High on my list of preferred main courses are the butter-basted duck breast served alongside duck confit on a pool of corn sauce finished with pickled blueberries, and a tomato tart that uses an herbed biscuit as a base for the colorful fruit and buttery burrata. The entree on everyone’s lips is salmon coulibiac, basically a fish version of beef Wellington in which a band of puff pastry and mushroom duxelles form a frame around the salmon and rice tinted with parsley puree. Pretty in pink and green, it’s been known to elicit tears. “The salmon entree made me weep!” a friend, a Broadway producer, texted. He was being dramatic, but tears of joy fill fitting. People are eating downtown again!

800 Connecticut Ave. NW. 202-463-8700. Open for indoor and outdoor dining. Entrees, $25 to $38.

La Bise adds a fun French touch to downtown Washington

Spanish Diner

Spanish Diner opened two years ago to such great and sustained applause in New York, rainmaker José Andrés says he felt compelled to open a second branch in Washington, specifically Bethesda, where he lives, and where his three daughters insisted he couldn’t close the Maryland branch of Jaleo unless it was followed by something similarly flavored.

The girls got their wish, and Bethesda gained something special, in May: a restaurant with the exuberance of his original Spanish tapas draw, but also a greater selection of comfort foods, including a section devoted to eggs, one of the famous chef’s many passions. (Maybe you’ve heard. When he’s not minding his ever-expanding culinary empire, Andrés is saving the world.) While Spanish Diner isn’t immune to the challenges of operating during a pandemic — its early weeks were uneven, and service still needs attention — the newcomer already feels like the right restaurant at the right time.

The heart of Spanish Diner, for me, is a category of dishes toasting “our grandma’s cuisine,” everyday food you might find in casual dining establishments or in the home of a conscientious Spanish cook. I’m a fool for golden nuggets of fried potatoes and juicy pork meatballs draped with tomato sauce, and grilled squid splayed across a pool of its black ink, its flavor bolstered with pureed onion, bell peppers and fish stock. Along for the ride: garlicky sauteed rice. There’s also a luscious beef stew featuring sliced flatiron steak, its sauce made haunting with star anise and woodsy black trumpet mushrooms.

The interior feels as alive as the man behind the menu. Waves of yellow draw eyes to the ceiling and, as at Jaleo, glass-topped foosball tables double as dining spots. One wall displays an illuminated menu of the sort you’d see in a diner, and even the wood floor demands attention with its sheen. As for dessert, the eye-opener of the bunch is the pineapple boat, swollen with a rum syrup and bright with mint and lime. Toothpicks inserted into individual chunks invite you to pluck away.

7271 Woodmont Ave., Bethesda, Md. 301-284-3700. Open for indoor dining, takeout and delivery via DoorDash, Grubhub and UberEats. Entrees, $12 to $20.

José Andrés brings Spanish comfort food — including a lot of eggs — to Bethesda

Vin 909 Winecafe

The long line outside the cute bungalow has us worried when we pull up before its doors open for dinner. Scores of wannabe customers stand ahead of my posse at the first come, first served pizza-and-wine draw in the Eastport part of Annapolis. No sooner is it 5 p.m. than the crowd files past a garden that might win Adrian Higgins’s stamp of approval and into the restaurant, where smiling greeters are somehow able to promptly seat the lot in a span of minutes. When we marvel at the staff’s efficiency, a host tells us, “We have lots of little corners to seat people,” including a rear enclosed patio with a two-stool chef’s counter that looks into the pizza-making operation.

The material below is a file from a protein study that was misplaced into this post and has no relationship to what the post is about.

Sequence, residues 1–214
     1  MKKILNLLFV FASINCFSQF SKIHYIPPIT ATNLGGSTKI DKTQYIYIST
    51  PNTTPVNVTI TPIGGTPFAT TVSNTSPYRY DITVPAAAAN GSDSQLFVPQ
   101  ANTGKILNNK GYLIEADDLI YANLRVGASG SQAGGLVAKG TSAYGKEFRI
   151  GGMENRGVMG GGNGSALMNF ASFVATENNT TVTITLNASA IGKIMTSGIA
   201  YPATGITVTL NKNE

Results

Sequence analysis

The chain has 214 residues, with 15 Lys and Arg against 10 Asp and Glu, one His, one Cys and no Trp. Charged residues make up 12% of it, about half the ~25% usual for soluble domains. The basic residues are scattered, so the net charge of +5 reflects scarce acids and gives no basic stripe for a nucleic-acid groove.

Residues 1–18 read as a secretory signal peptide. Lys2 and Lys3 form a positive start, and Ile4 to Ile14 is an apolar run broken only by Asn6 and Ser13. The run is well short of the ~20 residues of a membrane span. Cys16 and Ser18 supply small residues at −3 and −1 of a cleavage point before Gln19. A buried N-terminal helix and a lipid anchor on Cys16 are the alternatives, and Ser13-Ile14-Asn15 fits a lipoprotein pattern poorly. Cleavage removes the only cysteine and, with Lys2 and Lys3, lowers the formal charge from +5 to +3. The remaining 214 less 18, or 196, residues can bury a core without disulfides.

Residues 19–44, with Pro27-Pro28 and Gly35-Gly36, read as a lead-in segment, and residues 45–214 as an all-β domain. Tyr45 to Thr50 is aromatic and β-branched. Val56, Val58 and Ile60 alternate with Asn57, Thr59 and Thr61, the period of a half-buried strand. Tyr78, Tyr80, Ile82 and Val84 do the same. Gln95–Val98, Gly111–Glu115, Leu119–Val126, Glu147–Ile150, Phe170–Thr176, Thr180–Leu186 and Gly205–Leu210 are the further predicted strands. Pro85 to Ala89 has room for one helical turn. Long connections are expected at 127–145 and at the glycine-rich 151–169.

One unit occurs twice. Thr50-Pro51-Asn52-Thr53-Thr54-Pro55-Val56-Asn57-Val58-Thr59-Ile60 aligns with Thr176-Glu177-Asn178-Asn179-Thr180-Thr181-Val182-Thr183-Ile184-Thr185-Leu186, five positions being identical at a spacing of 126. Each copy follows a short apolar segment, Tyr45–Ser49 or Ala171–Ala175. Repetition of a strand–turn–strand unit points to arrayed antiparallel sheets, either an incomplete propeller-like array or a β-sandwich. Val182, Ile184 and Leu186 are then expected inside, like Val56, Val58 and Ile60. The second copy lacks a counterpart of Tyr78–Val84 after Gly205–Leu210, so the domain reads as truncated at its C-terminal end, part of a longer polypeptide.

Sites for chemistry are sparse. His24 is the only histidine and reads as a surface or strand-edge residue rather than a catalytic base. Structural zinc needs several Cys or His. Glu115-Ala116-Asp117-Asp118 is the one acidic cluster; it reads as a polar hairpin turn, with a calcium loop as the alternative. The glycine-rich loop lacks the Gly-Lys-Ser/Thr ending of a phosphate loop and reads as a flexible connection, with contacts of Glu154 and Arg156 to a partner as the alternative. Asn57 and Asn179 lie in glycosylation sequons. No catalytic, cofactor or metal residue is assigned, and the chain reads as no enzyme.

Owned by Alex Manfredonia, who brings fine dining experience from San Francisco, Vin 909 has the reception down pat. Same for the generously apportioned food, fussed over by chef Justin Moore. Seemingly a bushel of arugula shows up with a hailstorm of pistachios, goat cheese crumbles and juicy blackberries. The fetching “chowda” packs in fistfuls of clams whose shells collect smoked bacon, grilled sweet corn, diced potato, crisp scallions and hot cream. Each spoonful tastes like a day at the beach. Maryland blue crab draped with lemon beurre blanc and presented on a crisp wonton nets another rich pleasure.

The decade-old restaurant has fun with its wine list, a liquid romp around the world. “Value is not a dirty word,” describes the category of $6 wines by the glass; “I got class, I just don’t want to pay for it” collects the $9 options. No bottle on the standing list is priced more than $43. “People get intimidated by wine,” says Manfredonia. “There’s plenty of delicious wine that’s reasonably priced. You just need to take the time to find them.” A reserve list lets diners “go off the path” with natural and orange wines, among other selections.

From the brick oven come thin, crisp pies including Spotted Pig decked out with wild boar meatballs, sopressata, a pleasantly sweet tomato sauce, fresh basil and multiple cheeses. (The crust is based on the one created by the owner’s father, who founded what became La Prima Food Group based in College Park.) One slice leads to another and before you know it, you feel like you’re the piggy — which doesn’t stop you from inhaling some butterscotch pudding before you waddle out.

909 Bay Ridge Ave., Annapolis. 410-990-1846. Open for takeout and indoor dining. Pizza and entrees, $16 to $21.


2021 Spring Dining Guide